We started him on a low dose of Prozac for the anxiety and Clonadine for the tics. I had my own anxiety going to the pharmacy: is the pharmacist judging me? She probably thinks I’m unfit, just rushing to medicate any quirk like so many people do. I could barely look her in the eye. Is this right? Should we be doing this?? Then my mother imparted some beautiful wisdom. She said: “Why should you treat his illness any different from his sister’s? You didn’t think for one second not to medicate her!?” Cue “ah-ha” moment. DUH. And herein lies the world-wide stigma with mental health. Do I feel one ounce of guilt for throwing toxic chemo at my leukemia-laden daughter? No. Yet my son has struggled for years and it took us all to hit rock bottom for me to help him the way he needed to be helped. Am I proud of that? No. But I’m here now.
After starting medication, the change was night and day. He was happy! He seemed more relaxed and had minimal issues at school, walking in on his own every morning with a smile. We could breathe at home. For the first time since he was a toddler, the holidays were enjoyable and not full of meltdowns and tension. Life was so sweet; as close to “normal” as we had ever experienced. But the relief was not long term. Over time, his body became acclimated and the initial euphoria wore off. We spent 2 years in what felt like a never ending hamster wheel. Some days and weeks were great, and then it was like we were back to the starting line. The fire drill fears never really went away, and as he got older, the language repertoire only got more cringe-worthy.
This fall, his demeanor totally changed at home and his outbursts were becoming increasingly violent. He is still a scrawny little thing, but we know there will come a day when we can no longer restrain him, when necessary, and that we were not maximizing the medicinal benefits. At the suggestion of his doctor, we had him tested by a genome lab for compatibility, and low and behold, he was incompatible with EVERY SINGLE medication he has been taking for the last 2 years. This both made me angry and relieved in the same breath. To think we had been spinning our wheels for two years was beyond frustrating, but now there was a new glimmer of hope that maybe drugs that better match his genetic makeup would give him (and us) the support he needs!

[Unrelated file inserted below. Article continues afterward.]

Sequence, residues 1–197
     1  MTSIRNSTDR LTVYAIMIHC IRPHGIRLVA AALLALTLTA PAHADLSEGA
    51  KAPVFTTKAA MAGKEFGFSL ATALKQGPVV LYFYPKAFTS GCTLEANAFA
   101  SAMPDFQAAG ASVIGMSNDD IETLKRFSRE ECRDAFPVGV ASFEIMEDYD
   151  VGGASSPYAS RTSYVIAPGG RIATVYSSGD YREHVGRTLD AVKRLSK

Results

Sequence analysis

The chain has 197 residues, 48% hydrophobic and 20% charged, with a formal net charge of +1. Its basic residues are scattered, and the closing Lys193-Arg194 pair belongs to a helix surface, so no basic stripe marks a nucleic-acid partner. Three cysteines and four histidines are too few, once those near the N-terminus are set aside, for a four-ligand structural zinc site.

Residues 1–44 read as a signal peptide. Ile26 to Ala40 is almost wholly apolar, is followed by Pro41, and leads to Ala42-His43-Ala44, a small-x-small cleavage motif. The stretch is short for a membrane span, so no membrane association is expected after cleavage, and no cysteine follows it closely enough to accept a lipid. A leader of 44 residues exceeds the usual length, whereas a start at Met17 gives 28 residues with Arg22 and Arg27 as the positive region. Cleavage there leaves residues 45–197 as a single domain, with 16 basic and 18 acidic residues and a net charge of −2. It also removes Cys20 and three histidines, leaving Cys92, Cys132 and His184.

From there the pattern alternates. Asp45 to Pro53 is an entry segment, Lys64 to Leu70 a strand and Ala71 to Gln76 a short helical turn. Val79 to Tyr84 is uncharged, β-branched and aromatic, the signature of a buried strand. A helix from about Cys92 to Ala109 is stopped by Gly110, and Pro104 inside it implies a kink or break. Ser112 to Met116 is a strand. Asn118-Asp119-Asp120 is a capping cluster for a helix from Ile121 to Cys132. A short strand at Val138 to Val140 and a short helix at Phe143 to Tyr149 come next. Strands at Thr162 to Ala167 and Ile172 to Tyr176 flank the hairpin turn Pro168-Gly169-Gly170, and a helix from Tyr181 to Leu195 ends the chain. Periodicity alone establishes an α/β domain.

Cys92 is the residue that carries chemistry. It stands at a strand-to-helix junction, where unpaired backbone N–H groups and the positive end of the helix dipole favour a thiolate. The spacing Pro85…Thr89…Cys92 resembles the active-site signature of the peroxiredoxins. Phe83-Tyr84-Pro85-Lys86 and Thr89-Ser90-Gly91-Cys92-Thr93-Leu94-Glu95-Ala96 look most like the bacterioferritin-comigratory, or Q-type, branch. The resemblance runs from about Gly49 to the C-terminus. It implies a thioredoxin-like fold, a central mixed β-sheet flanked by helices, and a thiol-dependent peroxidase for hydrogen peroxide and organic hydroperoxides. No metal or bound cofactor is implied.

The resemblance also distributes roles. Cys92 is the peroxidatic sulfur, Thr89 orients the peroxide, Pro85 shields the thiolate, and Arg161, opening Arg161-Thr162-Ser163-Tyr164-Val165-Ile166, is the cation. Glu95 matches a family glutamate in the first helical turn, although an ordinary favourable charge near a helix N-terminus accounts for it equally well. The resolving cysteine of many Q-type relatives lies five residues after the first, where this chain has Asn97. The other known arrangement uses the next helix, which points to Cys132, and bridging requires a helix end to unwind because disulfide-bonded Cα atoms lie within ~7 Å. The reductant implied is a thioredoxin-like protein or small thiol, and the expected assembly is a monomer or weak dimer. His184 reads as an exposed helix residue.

Then came the hard part: detox. We took the entire month of December to slowly wean him off all three meds, one at a time, with the last med leaving his system on December 25th…Merry Christmas to us! At first, things were going really well. He didn’t seem too aggravated or irritable. He was even somewhat functional at school…maybe we would escape this. Maybe we will learn that it was a rough phase in 2nd grade, that he actually hasn’t needed meds this whole time and we can finally stop with all these GD pills. Aaaand then reality slapped us in the face. Before we knew it, break was over. We were back to school and back to fall of 2013, like we had never left. Refusing to get out of bed and get dressed, disrespectful and defiant to us and his teachers, unable to sit still, blurting out obscenities with no filter. It was bad; it’s still really bad.
After 30 days of detox and 2 weeks of zero meds in his body, we started on a new regimen with compatible drugs. He is moody and tired, and it’s impossible to decipher potential side effects of the new prescription vs what are residual effects from having zero meds for so many weeks. It’s a crap shoot, and he is, once again, our little lab rat. Tonight during our cuddle time I asked how he was feeling, how his body was feeling. “I feel sad, I just feel really sad. What the hell is wrong with me?” Insert knife in heart. I had to repeat the words of his doctor that make me physically ill every time I hear them: “Do you feel like you want to hurt yourself, bud?” Thank God his answer was no, but why am I having this conversation with my 9 year old? It’s not normal. But I know we must stay the course, and I know he cannot be successful at this point in his life without these new drugs.
At the end of the day, I also know there is no magic pill, he will always be our little work-in-progress. We will continue to marry medicine with behavioral therapies and alternative techniques to try and help him be the best version of himself. There will always be bad days when I question this path, but I’ve learned to accept that it doesn’t mean I gave up on my goals and intentions, and it in no way means I’ve given up on him. Is this the end result I had hoped for? No. But the ultimate outcome is to have happy, thriving children in an imperfect world, and that’s something I’ll never stop striving for.